A neat visible light communication system has already been deployed by the Philips lighting company where shoppers using a downloaded app can be located by LEDs thus pinpointing where they are standing and then sending them coupons and information based on their location.
Li-Fi, of course, does not aim to replace all wireless technologies. Bluetooth continues to progress. The latest Bluetooth Smart Ready and Bluetooth Smart standards for instance use improved technology that helps myriad gadgets stay paired longer while using less power. With the rise of gadgets such as fitness trackers, heart rate monitors, medical devices, key fobs and even home lighting controls, the market still exists for Bluetooth.
WiGig (IEEE 802.11ad) is another wireless technology that allows speeds up to 10 times faster than current WiFi. It works at 60 gigahertz and can reach speeds up to 7Gb. It has come about as a collaboration from technology giants such as Apple, Qualcomm, Microsoft and Sony. It is a technology that will also be used to hook computers up to displays and projectors as well as connect to the Internet. Currently there are only a few WiGig products available, but that should change in the months ahead. Intel and others are bringing laptops to the market which support it later this year. Qualcomm’s Snapdragon mobile processor can already support WiGig. Not only can it support more data bits in transit but it should be more reliable than WiFi and reduce network congestion as it is in a different part of the frequency spectrum than existing WiFi products. Part of this improvement comes from the fact that it uses an array of tens of tiny antennas to point a beam toward a communicating device as opposed to WiFi’s omni-directional output in all directions. One immediate use for it will be transmitting high definition video from smartphones to high-definition TVs or the Internet. WiGig technology can make it possible to transfer a full-length HD movie in under three minutes. It also has the potential to extend the capacity of cellular networks and has already been shown to provide high-speed links at distances of 100 meters or more outdoors. Google have also tested it as a cable replacement technology inside large data centres. We can also expect it to become faster in time. WiGig is not perfect however. It turns out that the 60-gigahertz signals are blocked by walls, ceilings, and floors so for now it is aimed at devices communicating within the same room. In 2016, TP-Link unveiled the world’s first WiGig router which also supports the usual 2.4GHz and 5GHz WiFi protocols. The idea is that when you are in range for WiGig, it will use WiGig and failing that it will fall back to the slower links WiFi. The Talon is capable of up to 800Mbps on 2.4GHz, 1733Mbps on 5GHz, and 4600Mbps on WiGig.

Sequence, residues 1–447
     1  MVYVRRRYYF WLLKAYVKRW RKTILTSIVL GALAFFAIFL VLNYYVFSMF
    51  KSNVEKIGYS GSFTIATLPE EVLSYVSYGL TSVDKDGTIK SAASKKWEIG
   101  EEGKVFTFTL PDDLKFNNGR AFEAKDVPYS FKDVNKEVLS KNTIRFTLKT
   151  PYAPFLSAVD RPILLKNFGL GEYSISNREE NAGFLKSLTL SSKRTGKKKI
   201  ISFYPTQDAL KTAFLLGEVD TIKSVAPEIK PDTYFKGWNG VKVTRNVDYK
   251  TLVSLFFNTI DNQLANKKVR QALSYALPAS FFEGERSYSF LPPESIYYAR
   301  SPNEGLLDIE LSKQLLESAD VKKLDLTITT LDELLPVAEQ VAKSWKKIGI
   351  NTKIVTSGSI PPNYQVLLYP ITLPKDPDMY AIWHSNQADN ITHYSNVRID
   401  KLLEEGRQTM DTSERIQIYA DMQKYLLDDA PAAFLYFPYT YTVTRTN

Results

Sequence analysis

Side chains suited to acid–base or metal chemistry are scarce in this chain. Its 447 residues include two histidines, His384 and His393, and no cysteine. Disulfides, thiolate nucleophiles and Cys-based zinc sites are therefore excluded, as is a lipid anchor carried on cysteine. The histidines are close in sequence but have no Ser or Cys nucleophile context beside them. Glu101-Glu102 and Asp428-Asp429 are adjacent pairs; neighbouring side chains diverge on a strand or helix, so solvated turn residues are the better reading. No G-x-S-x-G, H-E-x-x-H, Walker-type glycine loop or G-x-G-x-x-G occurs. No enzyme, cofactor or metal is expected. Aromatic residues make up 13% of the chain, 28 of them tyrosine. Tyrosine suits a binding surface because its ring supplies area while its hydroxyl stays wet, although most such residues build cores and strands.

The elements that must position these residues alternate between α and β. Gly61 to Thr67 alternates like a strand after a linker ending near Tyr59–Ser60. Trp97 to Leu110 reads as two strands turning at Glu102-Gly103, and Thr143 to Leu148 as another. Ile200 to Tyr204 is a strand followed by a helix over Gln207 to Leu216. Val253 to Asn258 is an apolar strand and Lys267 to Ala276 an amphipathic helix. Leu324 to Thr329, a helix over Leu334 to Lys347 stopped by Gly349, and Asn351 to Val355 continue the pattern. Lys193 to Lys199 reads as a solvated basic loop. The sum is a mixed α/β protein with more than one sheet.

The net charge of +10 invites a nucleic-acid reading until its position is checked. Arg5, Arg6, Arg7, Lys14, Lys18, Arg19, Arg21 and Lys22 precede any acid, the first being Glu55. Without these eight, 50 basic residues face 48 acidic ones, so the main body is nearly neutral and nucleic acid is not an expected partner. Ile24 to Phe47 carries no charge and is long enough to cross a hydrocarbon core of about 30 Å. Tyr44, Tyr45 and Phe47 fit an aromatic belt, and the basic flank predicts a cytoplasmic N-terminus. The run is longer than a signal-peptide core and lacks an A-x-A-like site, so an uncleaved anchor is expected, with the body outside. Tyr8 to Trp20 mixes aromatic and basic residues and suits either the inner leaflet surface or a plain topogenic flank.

There are other exciting technologies too, such as Facebook’s extremely high-frequency millimetre-wave band technology. This operates in the 30 to 300GHz spectrum and is typically set up as a “mesh” network, where signals can be bounced between strategically placed antennas. It requires a direct line of sight. So for now, it is safe to say that much work is going on in the wireless space – and we can rest assured that the technology will only get better.
Dr Kevin Curran, senior member, IEEE